In the adult the interface between the cerebrospinal fluid and the brain is lined by the ependymal cells, which are joined by gap junctions. These intercellular connections do not provide a diffusional restrain between the two compartments. However, during development this interface, initially consisting of neuroepithelial cells and later radial glial cells, is characterized by "strap" junctions, which limit the exchange of different sized molecules between cerebrospinal fluid and the brain parenchyma. Here we provide a systematic study of permeability properties of this inner cerebrospinal fluid-brain barrier during mouse development from embryonic day, E17 until adult. Results show that at fetal stages exchange across this barrier is restricted to the smallest molecules (286Da) and the diffusional restraint is progressively removed as the brain develops. By postnatal day P20, molecules the size of plasma proteins (70 kDa) diffuse freely. Transcriptomic analysis of junctional proteins present in the cerebrospinal fluid-brain interface showed expression of adherens junctional proteins, actins, cadherins and catenins changing in a development manner consistent with the observed changes in the permeability studies. Gap junction proteins were only identified in the adult as was claudin-11. Immunohistochemistry was used to localize at the cellular level some of the adherens junctional proteins of genes identified from transcriptomic analysis. N-cadherin, β - and α-catenin immunoreactivity was detected outlining the inner CSF-brain interface from E16; most of these markers were not present in the adult ependyma. Claudin-5 was present in the apical-most part of radial glial cells and in endothelial cells in embryos, but only in endothelial cells including plexus endothelial cells in adults. Claudin-11 was only immunopositive in the adult, consistent with results obtained from transcriptomic analysis. These results provide information about physiological, molecular and morphological-related permeability changes occurring at the inner cerebrospinal fluid-brain barrier during brain development.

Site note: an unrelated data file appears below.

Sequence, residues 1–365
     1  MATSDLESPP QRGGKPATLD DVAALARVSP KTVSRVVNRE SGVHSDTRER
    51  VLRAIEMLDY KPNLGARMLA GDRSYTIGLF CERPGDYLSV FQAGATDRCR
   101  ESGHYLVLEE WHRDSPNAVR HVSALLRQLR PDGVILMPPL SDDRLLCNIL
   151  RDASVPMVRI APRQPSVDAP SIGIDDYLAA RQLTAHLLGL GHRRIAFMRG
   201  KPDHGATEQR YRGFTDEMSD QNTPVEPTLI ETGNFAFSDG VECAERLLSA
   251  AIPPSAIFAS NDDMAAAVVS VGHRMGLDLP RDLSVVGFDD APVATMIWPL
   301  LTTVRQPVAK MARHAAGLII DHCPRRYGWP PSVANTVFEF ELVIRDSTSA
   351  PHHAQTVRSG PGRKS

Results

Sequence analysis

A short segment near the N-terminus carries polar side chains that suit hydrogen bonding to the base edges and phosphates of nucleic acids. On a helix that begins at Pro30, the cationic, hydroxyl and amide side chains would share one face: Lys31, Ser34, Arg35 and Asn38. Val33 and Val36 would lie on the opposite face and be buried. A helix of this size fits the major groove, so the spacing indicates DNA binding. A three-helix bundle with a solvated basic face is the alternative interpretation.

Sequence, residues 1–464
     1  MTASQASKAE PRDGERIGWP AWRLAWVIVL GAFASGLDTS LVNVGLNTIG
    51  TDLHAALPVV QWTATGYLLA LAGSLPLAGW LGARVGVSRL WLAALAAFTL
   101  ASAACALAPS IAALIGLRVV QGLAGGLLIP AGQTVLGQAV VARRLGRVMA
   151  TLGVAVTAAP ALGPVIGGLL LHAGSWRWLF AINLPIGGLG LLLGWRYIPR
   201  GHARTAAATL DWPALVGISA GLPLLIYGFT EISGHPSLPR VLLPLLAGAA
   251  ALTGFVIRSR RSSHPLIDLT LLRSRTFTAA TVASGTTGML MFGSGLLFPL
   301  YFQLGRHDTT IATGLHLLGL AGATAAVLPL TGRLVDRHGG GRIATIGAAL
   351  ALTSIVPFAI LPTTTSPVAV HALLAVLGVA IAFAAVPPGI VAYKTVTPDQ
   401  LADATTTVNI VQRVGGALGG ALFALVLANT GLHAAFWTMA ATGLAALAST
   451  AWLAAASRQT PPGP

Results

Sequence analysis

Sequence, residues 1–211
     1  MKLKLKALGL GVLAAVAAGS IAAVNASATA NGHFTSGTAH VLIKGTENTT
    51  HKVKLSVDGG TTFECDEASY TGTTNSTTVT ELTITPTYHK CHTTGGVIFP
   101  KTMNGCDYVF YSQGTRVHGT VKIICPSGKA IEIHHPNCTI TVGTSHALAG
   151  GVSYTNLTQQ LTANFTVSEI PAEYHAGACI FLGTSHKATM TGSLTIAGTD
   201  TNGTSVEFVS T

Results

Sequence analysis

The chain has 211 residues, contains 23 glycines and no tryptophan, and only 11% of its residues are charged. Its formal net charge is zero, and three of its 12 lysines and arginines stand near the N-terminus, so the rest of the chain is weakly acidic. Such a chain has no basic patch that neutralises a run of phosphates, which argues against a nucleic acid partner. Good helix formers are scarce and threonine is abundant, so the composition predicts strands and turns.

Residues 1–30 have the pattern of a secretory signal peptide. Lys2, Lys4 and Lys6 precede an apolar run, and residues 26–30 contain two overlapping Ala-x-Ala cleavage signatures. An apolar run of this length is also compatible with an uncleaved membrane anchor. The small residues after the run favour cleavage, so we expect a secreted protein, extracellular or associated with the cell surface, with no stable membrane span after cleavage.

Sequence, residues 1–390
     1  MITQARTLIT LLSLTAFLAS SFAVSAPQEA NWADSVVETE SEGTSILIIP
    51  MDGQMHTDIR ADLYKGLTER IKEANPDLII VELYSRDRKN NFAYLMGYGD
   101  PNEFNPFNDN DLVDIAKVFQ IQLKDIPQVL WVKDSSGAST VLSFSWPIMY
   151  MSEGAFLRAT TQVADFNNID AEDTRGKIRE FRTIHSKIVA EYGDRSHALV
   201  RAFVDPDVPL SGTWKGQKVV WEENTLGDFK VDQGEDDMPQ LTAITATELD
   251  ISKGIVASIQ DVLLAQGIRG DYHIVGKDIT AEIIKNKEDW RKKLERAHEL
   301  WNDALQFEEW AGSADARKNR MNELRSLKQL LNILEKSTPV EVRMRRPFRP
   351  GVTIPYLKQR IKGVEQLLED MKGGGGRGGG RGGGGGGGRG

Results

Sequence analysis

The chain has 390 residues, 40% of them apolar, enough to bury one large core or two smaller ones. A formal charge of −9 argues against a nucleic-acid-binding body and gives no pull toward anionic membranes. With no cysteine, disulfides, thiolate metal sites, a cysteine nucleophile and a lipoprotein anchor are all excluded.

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    Editorial: Ontogeny and Phylogeny of Brain Barrier Mechanisms
    Stolp, HB ; Liddelow, SA ; Saunders, NR (FRONTIERS MEDIA SA, 2016-02-16)
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    Age-Dependent Transcriptome and Proteome Following Transection of Neonatal Spinal Cord of Monodelphis domestica (South American Grey Short-Tailed Opossum)
    Saunders, NR ; Noor, NM ; Dziegielewska, KM ; Wheaton, BJ ; Liddelow, SA ; Steer, DL ; Ek, CJ ; Habgood, MD ; Wakefield, MJ ; Lindsay, H ; Truettner, J ; Miller, RD ; Smith, AI ; Dietrich, WD ; Baker, ML (PUBLIC LIBRARY SCIENCE, 2014-06-10)